Privacy is paramount, but as we further approach an IoT future, the lines of privacy and integration are blurring.
Despite their page on data protection, Google repeatedly comes under fire every year for privacy breaches. Most recently, the issue involved emails and information housed in various Google Drive apps.
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The Devil is in the Terms of Service Details
When accessing a new app or service, most of us just click and go when we come to the “Terms of Service” section. Many tech users are familiar with the basics of ToS agreements, so we figure most are standard. As the old adage goes, “The devil is in the details.”
With Google specifically, their ToS allows for many activities some would consider breaches of privacy. In 2014, Google claimed that it had a right to even sensitive data if it flows on an open network. But that’s not all.
Things like scanning emails to personalize the ads you receive which, to be fair, they did stop doing this summer. Now scrapped AI plans presented major privacy concerns, too. Google can track online spending activities, as well as real-world purchases. Most recently, Google mistakenly locked out Google Docs users for supposedly “violating ToS”.
How much control do you have over the information you are putting in a Google and are you tacitly giving Google the right to use that information? After all, is a Google Doc any different from a tweet or Instagram post?
Protecting Privacy in an Interconnected World
Data protection and privacy in an Internet of Things environment seem like competing objectives. The lines between what we share on Instagram and Twitter vs. a private email to someone are clear to us. But to companies and computer algorithms, data may just be data, personal or otherwise.
This dense, but worthwhile article from the National Institute of Standards and Technology blog highlights why security and privacy both matter in an IoT future. The data breaches of user information such as with Equifax earlier this year are obviously problematic. More insidious breaches include when Uber paid a group of hackers not to reveal sensitive info of 57 million people.
There are real economic ramifications for insecure data and ambivalence toward privacy. Beyond economic, tech, and data-driven concerns, a lack of privacy has measured effects on people psychologically, too.
The Hidden Mental and Emotional Costs of Digital Privacy Vacuums
Shame is a powerful tool. It can cost high profile actors to lose their roles in a popular Netflix series. The effects of shame can cause women or any victim to stay silent for decades about egregious abuses of power. But guilt is such a powerful tool that is has evolved into a new concept wielded by abusers, vigilantes, and do-gooders alike.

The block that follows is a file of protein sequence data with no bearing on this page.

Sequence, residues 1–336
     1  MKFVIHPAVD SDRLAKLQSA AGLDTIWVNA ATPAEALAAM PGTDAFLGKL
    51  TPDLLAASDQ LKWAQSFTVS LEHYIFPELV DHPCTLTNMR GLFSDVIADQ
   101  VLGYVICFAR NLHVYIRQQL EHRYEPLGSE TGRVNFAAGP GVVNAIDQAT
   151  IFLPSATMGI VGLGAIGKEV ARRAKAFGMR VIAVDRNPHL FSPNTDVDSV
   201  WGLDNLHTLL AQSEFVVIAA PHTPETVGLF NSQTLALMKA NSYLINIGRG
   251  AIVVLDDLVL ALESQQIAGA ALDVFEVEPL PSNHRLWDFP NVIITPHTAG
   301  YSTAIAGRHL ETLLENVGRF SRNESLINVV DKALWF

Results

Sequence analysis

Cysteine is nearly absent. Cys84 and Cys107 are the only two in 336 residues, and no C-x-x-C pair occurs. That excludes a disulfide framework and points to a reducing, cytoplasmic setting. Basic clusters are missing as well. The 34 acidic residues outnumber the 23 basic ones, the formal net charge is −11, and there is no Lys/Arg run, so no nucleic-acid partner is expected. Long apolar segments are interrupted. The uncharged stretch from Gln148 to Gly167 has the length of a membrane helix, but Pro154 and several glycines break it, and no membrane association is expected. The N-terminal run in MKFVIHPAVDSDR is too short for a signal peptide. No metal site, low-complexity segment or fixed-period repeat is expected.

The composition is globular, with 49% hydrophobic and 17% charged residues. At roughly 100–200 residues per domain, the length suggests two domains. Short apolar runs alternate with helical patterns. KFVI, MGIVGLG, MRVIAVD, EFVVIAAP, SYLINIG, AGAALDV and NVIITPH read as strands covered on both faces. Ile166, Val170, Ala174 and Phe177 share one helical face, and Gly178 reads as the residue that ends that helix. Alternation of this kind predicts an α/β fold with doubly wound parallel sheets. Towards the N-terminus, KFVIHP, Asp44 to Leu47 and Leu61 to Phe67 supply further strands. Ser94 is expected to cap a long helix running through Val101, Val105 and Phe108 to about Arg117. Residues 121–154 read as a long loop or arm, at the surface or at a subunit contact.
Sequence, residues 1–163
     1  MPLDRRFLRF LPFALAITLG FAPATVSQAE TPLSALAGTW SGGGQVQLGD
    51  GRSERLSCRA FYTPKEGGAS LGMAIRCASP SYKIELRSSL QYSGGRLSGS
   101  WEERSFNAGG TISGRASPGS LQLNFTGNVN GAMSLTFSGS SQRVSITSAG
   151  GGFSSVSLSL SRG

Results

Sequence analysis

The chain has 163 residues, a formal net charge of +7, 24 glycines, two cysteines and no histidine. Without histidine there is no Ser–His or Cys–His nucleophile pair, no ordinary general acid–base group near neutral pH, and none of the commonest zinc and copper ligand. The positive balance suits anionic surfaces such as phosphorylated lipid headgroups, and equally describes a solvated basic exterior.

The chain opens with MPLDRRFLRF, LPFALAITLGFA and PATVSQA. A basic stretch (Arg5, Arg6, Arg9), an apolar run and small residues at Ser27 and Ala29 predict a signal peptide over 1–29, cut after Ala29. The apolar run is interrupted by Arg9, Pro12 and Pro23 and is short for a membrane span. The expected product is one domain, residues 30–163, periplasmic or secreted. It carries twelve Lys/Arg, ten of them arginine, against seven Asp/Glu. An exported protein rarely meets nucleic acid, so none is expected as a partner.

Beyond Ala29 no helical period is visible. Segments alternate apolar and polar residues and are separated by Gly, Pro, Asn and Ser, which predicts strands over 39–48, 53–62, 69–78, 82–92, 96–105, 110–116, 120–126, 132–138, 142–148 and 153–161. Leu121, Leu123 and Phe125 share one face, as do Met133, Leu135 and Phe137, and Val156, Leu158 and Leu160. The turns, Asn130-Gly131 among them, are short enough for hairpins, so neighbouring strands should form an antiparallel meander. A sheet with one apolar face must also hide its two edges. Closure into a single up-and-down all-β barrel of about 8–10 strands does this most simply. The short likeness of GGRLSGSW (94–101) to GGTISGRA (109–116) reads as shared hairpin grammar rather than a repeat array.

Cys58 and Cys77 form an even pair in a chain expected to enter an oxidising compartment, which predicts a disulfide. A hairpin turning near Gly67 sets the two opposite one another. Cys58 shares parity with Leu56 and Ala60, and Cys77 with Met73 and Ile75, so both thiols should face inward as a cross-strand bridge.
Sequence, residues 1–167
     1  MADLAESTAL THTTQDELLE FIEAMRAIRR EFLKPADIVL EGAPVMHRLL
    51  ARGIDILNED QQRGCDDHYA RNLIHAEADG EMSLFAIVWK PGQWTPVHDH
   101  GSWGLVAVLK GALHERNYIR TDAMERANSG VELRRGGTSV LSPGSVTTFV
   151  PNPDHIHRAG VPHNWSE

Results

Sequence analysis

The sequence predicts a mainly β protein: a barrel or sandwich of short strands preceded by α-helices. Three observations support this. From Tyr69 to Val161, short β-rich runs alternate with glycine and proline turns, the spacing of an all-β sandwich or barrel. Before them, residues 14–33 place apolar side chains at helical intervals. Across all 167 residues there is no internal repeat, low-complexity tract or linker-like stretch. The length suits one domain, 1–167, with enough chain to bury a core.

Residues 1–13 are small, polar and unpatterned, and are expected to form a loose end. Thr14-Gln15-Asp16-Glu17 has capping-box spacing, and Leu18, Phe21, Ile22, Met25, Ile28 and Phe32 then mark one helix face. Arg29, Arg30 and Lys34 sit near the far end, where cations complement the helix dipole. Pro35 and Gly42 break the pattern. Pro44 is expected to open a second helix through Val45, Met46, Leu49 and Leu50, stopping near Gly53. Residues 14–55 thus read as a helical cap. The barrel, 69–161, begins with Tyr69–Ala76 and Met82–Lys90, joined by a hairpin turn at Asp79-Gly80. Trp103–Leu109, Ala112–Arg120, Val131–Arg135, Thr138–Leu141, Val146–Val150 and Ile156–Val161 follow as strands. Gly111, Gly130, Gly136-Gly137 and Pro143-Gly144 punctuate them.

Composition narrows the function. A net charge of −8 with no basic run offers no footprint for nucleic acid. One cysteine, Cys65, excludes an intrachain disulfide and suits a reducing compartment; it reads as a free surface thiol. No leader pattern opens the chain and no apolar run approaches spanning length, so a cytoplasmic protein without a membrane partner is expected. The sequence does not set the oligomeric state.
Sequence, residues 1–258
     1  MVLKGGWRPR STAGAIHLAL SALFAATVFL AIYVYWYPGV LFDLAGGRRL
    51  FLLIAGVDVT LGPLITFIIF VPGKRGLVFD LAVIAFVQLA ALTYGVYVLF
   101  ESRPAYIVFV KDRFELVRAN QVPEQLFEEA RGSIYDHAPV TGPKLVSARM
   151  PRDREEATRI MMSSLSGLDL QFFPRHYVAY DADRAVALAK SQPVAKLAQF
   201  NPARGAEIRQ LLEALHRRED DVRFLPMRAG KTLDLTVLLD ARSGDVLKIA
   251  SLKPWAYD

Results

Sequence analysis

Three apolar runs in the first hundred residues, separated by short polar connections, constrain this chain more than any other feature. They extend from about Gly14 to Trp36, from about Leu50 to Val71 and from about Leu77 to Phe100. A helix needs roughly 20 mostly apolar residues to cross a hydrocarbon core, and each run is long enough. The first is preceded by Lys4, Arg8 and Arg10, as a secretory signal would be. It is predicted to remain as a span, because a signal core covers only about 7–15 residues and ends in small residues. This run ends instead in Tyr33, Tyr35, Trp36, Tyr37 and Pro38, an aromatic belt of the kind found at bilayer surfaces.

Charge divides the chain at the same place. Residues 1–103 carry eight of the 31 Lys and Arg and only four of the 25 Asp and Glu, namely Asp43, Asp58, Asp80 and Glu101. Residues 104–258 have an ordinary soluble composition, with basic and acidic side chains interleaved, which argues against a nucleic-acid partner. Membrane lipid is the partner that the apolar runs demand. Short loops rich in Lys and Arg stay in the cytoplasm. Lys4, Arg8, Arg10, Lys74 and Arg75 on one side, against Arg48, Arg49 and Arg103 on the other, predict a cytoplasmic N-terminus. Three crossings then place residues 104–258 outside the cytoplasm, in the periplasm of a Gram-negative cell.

Shame conditioning extends to illicit activities as a way to deter damaging or potentially dangerous behavior. But it also seems to include activities some people would prefer to keep private such as plucking their eyebrows or their browser history.
Glenn Greenwald’s TED Talk on why privacy matters tackles this subject head-on. He starts out by saying that proponents of mass surveillance argue that “only people engaged in bad acts have a reason to want to hide and to care about their privacy.” He elaborates that this binary worldview robs people of the freedom to be themselves.
Greenwald takes aim at Google CEO Eric Schmidt when he references a 2009 interview in which Schmidt said something unsettling.
“If you’re doing something that you don’t want people to know [about], maybe you shouldn’t be doing it in the first place.” He further pokes at Schmidt referencing this CNET article to display the inherent problems with that mentality toward privacy.
Social media can be curated, but some use it as a diary or just a tool to connect with others. It can also be a safe space where we can workshop our feelings or beliefs. At what point can statuses posted to only your Facebook friends be shared publicly due to the content of the status?
Answer Me These Questions Three
In another TED Talk, Stuart Lacey examines privacy in the context of monetization. He references location tracking, pulling up a completely accurate map and timeline of a day he spent in New York City, along with photos he took. He posits three questions:
- One: Are you being robbed?
- Two: Are you missing out?
- Three: Are you being paid?
To put things in context, Samsung TVs were shipped with active webcams with the intent that the webcam needed to be ready for when you wanted to use it. They prioritized monetary gains at the threat of user privacy.
When companies are rightfully critiqued for this, often times their answer is to produce convoluted explanations such as the iTunes ToS as displayed in this nifty webcomic. This all amounts to companies not treating user privacy as an important issue.
What Can We Do to Protect Our Privacy?
For Google specifically, you can turn off search and location history. You can also control how you interact with Google ads regarding personalization. Chrome plugins like HTTPS Everywhere can help bolster your device security.
But beyond VPNs, proxies, and ad hoc solutions, we, as consumers, cannot solve the issue of privacy in the digital age. Companies like Google and Facebook and Equifax must enact their own security measures to protect our data.
You can email, fax, and call your local government officials, too. Petitioning for greater accountability of companies to their users is definitely within the bounds of lawmakers and Congresspeople. On a related note, the war for Net Neutrality wages on. Though the FCC voted to gut it, Congress and the courts could still pull through.
Without it, user privacy may be in even more danger.